Feminist documentary photographer Franki Raffles (1955-94) changed social attitudes both through her work behind the lens and through her campaigning to raise awareness of violence against women and children. She was the co-founder of the charity Zero Tolerance in the early 1990s and created a memorable campaign of images to draw attention to the grim statistics on the prevalence of male violence, notably in the domestic sphere. The Glasgow School Of Art presents a retrospective, Observing Women At Work, drawing on three main bodies of work from the Edinburgh-based photographer, who died aged 39.
To Let You Understand is based on a year-long project initiated by Edinburgh District Council Women’s Committee in the late 1980s. The aim was to document working women’s lives in Edinburgh, informed by statistical information about pay and conditions. The women featured are home helps, cleaners, factory workers and hospital workers. The environments include Hewlett Packard, Miller’s Sweets, Burntons Biscuits, cleaners at the George Hotel and in the grand offices of Edinburgh District Council, and a laundry.
Raffles also travelled extensively, inlcuding to then-Soviet Russia. The Women Workers in the USSR section features both urban and rural workers. On a state farm one woman tells the photographer: “It’s a big farm. No-one knows how big it is. It takes up to three days to ride from one side to the other on horseback.” Photographs show women working in the fields, tending the cows; then in the city working in manufacturing. Under the Soviet system, women also took on jobs that would be considered as being for men, so Raffles photographs women plasterers, road builders and a railway worker.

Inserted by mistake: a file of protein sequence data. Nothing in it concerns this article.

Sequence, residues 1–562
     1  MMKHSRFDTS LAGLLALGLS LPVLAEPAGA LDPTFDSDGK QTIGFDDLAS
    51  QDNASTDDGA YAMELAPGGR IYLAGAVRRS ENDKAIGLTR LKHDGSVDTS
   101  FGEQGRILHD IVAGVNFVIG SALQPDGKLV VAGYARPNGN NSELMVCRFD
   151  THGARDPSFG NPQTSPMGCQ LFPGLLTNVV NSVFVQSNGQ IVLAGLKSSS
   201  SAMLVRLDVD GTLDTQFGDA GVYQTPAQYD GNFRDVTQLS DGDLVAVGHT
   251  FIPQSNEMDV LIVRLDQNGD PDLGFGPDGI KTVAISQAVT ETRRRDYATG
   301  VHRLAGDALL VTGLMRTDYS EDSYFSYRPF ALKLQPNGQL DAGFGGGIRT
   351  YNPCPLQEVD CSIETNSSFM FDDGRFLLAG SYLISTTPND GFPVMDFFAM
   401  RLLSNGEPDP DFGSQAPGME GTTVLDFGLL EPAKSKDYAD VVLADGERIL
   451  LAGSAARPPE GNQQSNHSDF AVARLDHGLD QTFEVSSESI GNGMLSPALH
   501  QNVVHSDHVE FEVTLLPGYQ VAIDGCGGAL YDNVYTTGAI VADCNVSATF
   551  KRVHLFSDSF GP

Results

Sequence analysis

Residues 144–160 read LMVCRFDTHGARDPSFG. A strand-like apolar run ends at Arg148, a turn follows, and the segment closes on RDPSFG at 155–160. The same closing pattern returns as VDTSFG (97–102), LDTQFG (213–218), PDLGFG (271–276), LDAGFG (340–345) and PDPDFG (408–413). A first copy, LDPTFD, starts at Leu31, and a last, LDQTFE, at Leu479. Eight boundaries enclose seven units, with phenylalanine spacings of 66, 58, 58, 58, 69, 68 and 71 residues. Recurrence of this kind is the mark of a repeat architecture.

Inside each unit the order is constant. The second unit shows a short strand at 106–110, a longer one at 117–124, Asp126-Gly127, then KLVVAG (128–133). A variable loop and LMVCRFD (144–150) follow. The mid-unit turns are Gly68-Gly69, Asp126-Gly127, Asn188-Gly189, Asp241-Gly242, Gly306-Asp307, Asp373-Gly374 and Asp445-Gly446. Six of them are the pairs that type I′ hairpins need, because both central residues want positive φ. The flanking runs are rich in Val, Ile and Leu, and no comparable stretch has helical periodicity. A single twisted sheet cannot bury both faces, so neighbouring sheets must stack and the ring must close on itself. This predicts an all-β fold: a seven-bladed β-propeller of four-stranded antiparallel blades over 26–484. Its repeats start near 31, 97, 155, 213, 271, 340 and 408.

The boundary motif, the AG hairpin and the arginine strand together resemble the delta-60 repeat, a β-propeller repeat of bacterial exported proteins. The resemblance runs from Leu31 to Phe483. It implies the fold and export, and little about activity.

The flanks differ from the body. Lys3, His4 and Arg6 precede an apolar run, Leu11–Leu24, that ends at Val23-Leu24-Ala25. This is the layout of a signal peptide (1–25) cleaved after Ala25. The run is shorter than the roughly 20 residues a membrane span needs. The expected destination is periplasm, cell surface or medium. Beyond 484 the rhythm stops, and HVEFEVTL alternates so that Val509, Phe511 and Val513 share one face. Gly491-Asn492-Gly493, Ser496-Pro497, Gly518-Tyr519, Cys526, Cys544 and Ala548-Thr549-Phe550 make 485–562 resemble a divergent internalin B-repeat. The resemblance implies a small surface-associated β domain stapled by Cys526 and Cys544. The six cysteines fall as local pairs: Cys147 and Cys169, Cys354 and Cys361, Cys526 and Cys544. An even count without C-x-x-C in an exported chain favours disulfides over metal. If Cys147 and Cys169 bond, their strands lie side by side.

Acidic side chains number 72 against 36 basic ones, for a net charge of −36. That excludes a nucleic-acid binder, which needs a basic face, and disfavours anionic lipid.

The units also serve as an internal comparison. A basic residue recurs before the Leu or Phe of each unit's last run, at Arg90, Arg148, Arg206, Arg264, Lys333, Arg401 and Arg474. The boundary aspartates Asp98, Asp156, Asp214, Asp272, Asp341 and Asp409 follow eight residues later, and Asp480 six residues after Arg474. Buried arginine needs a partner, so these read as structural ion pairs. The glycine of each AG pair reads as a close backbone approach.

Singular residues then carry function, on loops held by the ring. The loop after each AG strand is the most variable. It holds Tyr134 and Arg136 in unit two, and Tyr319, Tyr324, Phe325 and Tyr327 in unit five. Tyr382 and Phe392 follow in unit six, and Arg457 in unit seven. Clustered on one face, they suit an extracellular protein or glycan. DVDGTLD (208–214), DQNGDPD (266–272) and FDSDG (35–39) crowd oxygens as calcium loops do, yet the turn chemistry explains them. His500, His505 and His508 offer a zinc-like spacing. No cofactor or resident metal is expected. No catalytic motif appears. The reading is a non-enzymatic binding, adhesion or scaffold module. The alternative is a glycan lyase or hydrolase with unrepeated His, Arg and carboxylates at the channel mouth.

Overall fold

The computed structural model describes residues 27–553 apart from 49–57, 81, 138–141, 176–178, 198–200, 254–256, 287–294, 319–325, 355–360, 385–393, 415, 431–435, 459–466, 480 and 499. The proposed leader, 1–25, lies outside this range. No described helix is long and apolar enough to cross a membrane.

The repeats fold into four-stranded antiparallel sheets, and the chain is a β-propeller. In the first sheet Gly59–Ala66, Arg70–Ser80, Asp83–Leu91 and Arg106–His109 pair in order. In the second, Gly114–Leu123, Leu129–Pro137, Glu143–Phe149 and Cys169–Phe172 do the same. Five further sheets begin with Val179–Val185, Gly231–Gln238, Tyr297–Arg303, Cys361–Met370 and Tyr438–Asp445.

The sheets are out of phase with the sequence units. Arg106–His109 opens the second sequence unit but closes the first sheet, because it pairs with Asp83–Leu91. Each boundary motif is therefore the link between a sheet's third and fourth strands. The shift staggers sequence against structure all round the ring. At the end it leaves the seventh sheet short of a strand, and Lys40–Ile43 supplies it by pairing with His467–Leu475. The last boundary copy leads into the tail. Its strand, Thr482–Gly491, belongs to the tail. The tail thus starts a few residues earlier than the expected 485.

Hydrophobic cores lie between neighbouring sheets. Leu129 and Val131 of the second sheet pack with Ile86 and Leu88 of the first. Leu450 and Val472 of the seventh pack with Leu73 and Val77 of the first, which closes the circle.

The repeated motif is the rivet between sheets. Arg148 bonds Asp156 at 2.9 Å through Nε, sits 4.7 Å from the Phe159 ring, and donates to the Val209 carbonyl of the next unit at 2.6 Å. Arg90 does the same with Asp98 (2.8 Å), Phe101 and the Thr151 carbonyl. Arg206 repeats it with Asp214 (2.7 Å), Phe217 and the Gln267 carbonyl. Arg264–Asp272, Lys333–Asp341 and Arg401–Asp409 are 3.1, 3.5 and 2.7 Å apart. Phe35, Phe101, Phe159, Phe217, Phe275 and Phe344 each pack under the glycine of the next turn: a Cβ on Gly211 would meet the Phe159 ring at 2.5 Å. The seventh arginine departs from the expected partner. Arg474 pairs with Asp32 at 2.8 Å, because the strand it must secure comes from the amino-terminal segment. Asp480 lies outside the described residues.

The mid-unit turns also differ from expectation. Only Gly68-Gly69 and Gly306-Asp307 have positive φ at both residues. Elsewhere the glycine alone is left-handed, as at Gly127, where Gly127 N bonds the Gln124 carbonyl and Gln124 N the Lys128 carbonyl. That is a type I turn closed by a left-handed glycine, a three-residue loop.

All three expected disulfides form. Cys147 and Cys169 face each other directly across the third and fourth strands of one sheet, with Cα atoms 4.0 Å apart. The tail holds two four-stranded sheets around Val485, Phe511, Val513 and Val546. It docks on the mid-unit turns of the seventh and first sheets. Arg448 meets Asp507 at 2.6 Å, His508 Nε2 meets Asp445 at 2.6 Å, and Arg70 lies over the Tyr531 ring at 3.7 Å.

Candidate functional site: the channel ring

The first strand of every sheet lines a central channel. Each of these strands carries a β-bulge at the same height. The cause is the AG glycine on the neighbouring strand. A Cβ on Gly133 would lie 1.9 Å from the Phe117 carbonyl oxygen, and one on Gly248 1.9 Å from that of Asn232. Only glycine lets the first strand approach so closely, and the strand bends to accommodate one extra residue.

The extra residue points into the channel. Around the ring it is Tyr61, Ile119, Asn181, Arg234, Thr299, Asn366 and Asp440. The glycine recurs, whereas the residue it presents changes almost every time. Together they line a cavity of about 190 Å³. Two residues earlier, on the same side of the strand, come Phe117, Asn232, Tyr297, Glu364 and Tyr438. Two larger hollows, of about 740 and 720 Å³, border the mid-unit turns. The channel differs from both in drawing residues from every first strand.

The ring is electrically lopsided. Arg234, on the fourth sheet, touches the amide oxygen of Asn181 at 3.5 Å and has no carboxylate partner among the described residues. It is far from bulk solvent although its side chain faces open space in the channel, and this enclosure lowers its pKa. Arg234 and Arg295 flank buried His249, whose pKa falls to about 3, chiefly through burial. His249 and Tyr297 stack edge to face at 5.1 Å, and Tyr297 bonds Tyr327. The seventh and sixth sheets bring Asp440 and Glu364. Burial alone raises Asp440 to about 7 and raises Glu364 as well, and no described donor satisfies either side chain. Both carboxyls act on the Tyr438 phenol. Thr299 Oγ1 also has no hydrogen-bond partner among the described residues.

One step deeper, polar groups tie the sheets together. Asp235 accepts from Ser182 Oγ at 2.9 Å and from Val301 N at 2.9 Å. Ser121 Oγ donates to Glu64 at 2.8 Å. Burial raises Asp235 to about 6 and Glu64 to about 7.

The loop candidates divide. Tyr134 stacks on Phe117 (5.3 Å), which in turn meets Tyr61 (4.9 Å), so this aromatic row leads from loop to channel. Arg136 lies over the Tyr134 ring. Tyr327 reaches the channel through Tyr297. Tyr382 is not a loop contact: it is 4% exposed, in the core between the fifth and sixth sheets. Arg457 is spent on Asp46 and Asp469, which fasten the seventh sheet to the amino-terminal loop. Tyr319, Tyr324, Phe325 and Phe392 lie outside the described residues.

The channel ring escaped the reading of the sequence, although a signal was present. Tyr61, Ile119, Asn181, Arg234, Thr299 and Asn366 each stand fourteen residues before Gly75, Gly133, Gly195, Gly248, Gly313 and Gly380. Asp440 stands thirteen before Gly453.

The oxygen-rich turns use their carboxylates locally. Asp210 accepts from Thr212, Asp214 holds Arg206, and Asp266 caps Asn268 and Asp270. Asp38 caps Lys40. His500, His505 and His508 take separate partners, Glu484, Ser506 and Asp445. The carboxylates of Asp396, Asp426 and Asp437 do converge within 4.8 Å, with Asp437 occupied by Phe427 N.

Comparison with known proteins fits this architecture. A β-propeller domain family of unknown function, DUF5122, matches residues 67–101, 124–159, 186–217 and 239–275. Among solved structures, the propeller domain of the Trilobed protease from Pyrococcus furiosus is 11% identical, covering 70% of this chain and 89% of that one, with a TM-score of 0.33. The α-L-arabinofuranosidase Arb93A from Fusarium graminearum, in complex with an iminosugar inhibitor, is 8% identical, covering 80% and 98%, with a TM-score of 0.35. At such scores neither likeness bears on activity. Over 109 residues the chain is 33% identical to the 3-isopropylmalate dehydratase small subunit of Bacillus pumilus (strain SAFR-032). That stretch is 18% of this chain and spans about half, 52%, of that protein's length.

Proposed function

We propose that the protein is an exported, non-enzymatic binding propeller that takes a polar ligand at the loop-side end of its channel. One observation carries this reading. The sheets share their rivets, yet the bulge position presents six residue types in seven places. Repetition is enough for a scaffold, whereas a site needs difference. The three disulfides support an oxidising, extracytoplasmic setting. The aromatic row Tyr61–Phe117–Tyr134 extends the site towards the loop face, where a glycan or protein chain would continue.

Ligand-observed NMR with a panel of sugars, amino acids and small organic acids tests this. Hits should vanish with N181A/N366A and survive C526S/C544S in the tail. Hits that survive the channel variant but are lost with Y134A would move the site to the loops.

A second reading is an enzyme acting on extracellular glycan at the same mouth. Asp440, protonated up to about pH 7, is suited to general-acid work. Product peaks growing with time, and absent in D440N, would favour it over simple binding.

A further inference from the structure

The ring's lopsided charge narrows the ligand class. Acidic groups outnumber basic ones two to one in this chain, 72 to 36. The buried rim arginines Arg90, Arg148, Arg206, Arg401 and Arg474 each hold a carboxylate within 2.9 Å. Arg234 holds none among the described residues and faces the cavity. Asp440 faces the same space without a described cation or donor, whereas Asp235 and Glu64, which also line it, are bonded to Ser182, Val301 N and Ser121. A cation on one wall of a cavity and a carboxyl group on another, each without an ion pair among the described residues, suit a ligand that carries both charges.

Raffles’ photographs for the Zero Tolerance campaign represented a new approach. Rather than girls and women being represented as victims, they were portrayed in familiar, ordinary domestic settings. These images were juxtaposed with stark facts on domestic violence such as: “By the time they reach eighteen, one of them will have been subjected to sexual abuse.” Zero Tolerance is now in its 25th year and currently has an open call for a new artist to work with them on the next campaign (www.zerotolerance.org.uk).
The exhibition contextualises Raffles’ work among other key photographers including Margaret Fay Shaw, Helen Muspratt and “The Hackney Flashers”, a collective set up in 1974 by Jo Spence with Neil Martinson.
Franki Raffles: Observing Women At Work; Reid Gallery, The Glasgow School of Art until 27 April. For more information: www.gsa.ac.uk
1. Soviet Women Making Hay, from the series Women Workers in the USSR. Franki Raffles, (1989), Courtesy The Franki Raffles Estate.